Even if one makes only a cursory reading of the Old Testament, that reading is sure to uncover the fact that ancient peoples were fond of building memorials. In the oldest of times, these places were called “gilgals.” A “gilgal” is a “circle” or a “wheel,” and these places were exactly that; circular campsites and memorials not unlike Stonehenge. A stone monument would be erected in the center of the circle and the community would gather at the outer edges for their rituals.
Like our ancient forefathers, we too are fond of building stone monuments, modern “gilgals” that honor the past, and the past we are most quick to memorialize is our history of war. An index of major US monuments reads like a catalogue of conquest. From our revolutionary beginnings to our current international military campaigns, we have filled up the ground with the infinitely precious bodies of our youngest and most promising men and women.
Case in point, visit our most iconic memorial of stone: Arlington National Cemetery. Hundreds of thousands have been buried there over the years, and it troubles me to say this, but it will reach capacity in only a few more decades. No, not everyone buried there is a war casualty, but all served in some capacity, and Arlington isn’t even the largest of our National Cemeteries. It is only one of nearly 150 such graveyards all over this country.
Yes, it is right to honor the men and women buried in those places, but we do them a disservice if we do not remember them and their deaths properly. How do we remember properly? By remembering in such a way as to stop filling the ground with the fallen dead of war. Or, at the very least, to reduce the numbers called upon to bleed, sacrifice, and die; to learn from the cycle of history and cease the crazed repetition of violence; and to work with all our might to end our dependence upon warfare.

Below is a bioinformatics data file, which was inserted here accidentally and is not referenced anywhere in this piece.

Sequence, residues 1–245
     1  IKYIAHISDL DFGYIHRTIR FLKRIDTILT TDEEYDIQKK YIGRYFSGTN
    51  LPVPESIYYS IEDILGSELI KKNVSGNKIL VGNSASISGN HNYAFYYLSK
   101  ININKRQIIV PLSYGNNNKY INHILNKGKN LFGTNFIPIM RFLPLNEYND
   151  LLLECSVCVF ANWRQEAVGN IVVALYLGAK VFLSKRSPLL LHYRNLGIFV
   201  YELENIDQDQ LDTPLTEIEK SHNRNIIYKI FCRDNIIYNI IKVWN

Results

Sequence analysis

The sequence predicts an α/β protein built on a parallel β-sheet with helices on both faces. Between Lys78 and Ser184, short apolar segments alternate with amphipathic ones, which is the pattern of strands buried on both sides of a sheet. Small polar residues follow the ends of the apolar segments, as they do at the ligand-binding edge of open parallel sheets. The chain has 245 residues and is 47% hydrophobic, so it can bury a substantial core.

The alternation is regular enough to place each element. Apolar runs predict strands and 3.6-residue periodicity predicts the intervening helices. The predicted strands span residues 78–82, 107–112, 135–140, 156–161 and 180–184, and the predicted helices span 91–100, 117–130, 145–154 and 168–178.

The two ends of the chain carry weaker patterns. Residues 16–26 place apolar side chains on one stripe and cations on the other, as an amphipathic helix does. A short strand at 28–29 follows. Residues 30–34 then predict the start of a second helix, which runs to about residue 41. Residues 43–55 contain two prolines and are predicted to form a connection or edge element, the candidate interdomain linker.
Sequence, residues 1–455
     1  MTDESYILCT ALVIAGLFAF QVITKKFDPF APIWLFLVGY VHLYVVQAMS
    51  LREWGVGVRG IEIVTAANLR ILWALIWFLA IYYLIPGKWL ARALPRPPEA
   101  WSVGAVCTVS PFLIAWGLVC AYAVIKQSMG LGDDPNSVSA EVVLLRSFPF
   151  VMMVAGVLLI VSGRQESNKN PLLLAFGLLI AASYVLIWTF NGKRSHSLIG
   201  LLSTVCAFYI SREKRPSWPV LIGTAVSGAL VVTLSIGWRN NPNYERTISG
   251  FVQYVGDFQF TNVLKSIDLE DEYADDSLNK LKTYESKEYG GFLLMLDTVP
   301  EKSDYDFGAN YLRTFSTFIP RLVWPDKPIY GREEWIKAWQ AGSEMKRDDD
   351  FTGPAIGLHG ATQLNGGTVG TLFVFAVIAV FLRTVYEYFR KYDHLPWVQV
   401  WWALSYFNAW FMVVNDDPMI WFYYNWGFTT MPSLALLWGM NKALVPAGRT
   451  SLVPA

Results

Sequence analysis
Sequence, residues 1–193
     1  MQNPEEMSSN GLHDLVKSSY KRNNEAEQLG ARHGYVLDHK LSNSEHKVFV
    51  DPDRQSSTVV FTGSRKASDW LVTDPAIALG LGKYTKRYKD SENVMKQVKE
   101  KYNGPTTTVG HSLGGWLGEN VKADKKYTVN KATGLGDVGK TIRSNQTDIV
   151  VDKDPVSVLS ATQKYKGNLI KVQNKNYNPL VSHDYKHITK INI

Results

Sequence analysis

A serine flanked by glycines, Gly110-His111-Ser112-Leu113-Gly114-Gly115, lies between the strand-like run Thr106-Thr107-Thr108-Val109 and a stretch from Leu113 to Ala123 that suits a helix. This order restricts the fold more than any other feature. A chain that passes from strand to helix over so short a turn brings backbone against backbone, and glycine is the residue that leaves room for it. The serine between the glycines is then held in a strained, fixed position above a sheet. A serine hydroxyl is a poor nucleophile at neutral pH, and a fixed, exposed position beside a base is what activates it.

On this weekend in which we remember the dead of war, let us do so with tears streaming down our faces. Let us fervently honor those who unselfishly gave their lives, but let us vigorously refuse to glorify the violence that took those lives. After all, “war,” as the often maligned William T. Sherman said, “is hell. It is all folly, madness, a crime against civilization. And even its success is over dead and mangled bodies with anguish and lamentation.”
For me to say “war is not the answer” is to do more than quote a Marvin Gaye song. It is to confess faith in Christ as the way to peace and reject the false promises of war. War promises us that when the last battle is fought, the last bomb is dropped, the last enemy is slain, and the last soldier is put to rest in sacred soil, then we will have a world at peace. Yet, war is waged without end, and our cemeteries continue to fill.
The world we want, a world where swords are beaten into plowshares, where mercy and justice flow down like the waters, where every tear will be wiped away from our eyes, and where there will be “no more death or sorrow or crying or pain” is the world constructed by the unconditional love of God, not the unconditional surrender of our enemies.
I believe, though it sounds utopian, that the death of Jesus was the last act of necessary violence in the history of the world. In showing us how to live and die; how to sacrifice without hate or hostility; and how to love others and ourselves, he has shown us the path to be at peace with God and the world.
So let us gather at our cemeteries and memorials of stone, around the tombs of the known and unknown who gave their lives. And as people of faith, let us also gather around another stone; the stone rolled away by the power and love of Christ, the only love that will bring peace to the world.